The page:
5. Role play: Rounding the floor. Resident presenting patient with community-acquired pneumonia to attending physician
Resident: James is a six-year-old, obese male who presents with a four day history of fever, cough and abdominal pain. He presented daily fevers as high as 39.5ºC which respond well to common antipyretics. The patient also reports mild cough for the last four days, as well as mild abdominal pain which is described as diffuse. His mother says that the patient seems more inactive than usual, associating hyporexia. In the physical examination he was found to have crackles in his right inferior lobe with mild respiratory distress, so a chest x-ray was performed. A consolidation was seen in the right inferior lobe with minimum blunting of the right costophrenic angle. The patient was finally diagnosed with pneumonia associated with pleural effusion. His oxygen saturation levels came down to 88%, so he was admitted to the floor and supplemental oxygen and empiric antibiotic therapy with ampicillin was initiated.
Attending: Has the parapneumonic pleural effusion been evaluated using ultrasonography?
Resident: Yes, the imaging confirmed the presence of fluid in the pleural space but it was of small quantity, only with dimensions of 0.5 cm x 0.7cm, and no loculations or septations were observed, so there was no indication for drainage of the pleural fluid.
Attending: Very well. So with the blood test results and the disease history what type of bacterial infection do you think James has?
Resident: The complete blood count showed a white blood cell count of 17.500/microL with left shift. Concerning the acute phase reactants, we found a C- reactive protein of 132mg/L and serum procalcitonin of 1.2ng/ml. So with all the results we suspect he has a bacterial infection rather than an atypical bacterial pneumonia or a viral infection. However we are waiting for the results of the blood culture and the serologic tests.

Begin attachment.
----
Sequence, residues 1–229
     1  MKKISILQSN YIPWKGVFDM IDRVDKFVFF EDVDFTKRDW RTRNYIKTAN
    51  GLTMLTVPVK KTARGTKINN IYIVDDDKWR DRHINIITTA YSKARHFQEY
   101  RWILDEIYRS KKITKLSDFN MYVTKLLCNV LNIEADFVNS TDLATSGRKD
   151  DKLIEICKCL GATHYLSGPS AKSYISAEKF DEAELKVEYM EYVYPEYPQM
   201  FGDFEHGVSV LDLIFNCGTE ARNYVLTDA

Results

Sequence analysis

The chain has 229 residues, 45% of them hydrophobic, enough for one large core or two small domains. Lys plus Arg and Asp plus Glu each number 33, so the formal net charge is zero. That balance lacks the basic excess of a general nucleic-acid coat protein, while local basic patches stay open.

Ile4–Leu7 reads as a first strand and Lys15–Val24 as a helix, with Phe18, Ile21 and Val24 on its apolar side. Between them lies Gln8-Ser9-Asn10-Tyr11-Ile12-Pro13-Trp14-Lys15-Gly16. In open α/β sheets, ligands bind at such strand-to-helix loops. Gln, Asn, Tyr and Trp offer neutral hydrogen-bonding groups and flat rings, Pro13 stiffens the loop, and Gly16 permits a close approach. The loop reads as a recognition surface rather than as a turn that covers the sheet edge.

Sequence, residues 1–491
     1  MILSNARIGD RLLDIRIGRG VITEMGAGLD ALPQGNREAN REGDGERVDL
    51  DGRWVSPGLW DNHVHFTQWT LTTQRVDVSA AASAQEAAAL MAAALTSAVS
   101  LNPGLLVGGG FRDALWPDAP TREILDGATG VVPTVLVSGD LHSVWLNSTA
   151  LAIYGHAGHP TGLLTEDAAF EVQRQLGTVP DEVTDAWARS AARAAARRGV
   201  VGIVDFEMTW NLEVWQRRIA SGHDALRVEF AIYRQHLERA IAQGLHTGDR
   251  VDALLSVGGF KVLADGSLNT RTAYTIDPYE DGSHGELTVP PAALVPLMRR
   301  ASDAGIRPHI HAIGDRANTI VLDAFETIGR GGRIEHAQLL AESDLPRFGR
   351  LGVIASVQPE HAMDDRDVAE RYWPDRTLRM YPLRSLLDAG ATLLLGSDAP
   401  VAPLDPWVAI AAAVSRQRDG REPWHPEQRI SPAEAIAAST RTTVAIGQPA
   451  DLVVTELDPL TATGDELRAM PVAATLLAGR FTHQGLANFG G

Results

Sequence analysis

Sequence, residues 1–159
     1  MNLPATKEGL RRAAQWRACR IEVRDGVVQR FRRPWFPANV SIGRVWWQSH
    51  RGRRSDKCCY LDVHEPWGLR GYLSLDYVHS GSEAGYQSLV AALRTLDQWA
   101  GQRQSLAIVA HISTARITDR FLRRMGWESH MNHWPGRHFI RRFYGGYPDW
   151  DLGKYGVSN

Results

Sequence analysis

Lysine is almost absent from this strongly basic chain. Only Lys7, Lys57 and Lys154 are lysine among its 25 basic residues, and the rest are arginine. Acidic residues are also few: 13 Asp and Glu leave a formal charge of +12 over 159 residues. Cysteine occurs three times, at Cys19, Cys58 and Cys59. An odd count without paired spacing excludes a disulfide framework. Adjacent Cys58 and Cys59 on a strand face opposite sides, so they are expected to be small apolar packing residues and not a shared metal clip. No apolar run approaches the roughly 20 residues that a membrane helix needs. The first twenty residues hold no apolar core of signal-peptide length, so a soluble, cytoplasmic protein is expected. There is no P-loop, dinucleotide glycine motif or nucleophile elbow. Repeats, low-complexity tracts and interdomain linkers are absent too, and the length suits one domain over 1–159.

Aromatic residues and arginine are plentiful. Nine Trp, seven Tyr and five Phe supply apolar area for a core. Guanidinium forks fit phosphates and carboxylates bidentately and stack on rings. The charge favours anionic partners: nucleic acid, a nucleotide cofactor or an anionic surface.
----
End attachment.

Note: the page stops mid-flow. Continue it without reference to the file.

Attending: How has James evolved since his admission? Has the fever disappeared? Does he still need oxygen supplementation?
Resident: The fever disappeared within 24 hours of his admission along with his respiratory distress. Today he no longer needed oxygen supplementation to maintain adequate oxygen saturations. Serum electrolytes have had normal values with no signs of dehydration or syndrome of inappropriate antidiuretic hormone secretion. In the follow up blood test neutrophil counts have reached normal values, as well as the acute phase reactants.
Rounding the floor: pasar planta de hospitalización.
Attending physician: médico adjunto.
Chest x-ray: radiografía de tórax.
Blunting/obliteration of the right costophrenic angle: borramiento del seno costofrénico.
Pleural effusion: derrame pleural.
Supplemental oxygen: oxigenoterapia.
Pleural space: espacio pleural.
Complete blood count (CBC): hemograma.
White blood cell count (WBC): serie blanca del hemograma.
Left shift: desviación izquierda.
Acute phase reactants: reactantes de fase aguda.
C- reactive protein (CRP): proteína C reactiva.
Serum procalcitonin (PCT): procalcitonina.
Blood culture: hemocultivo.
Serologic tests: pruebas serológicas.
Serum electrolytes: electrolitos en suero.
Syndrome of inappropriate antidiuretic hormone secretion (SIADH): síndrome de secreción inadecuada de ADH.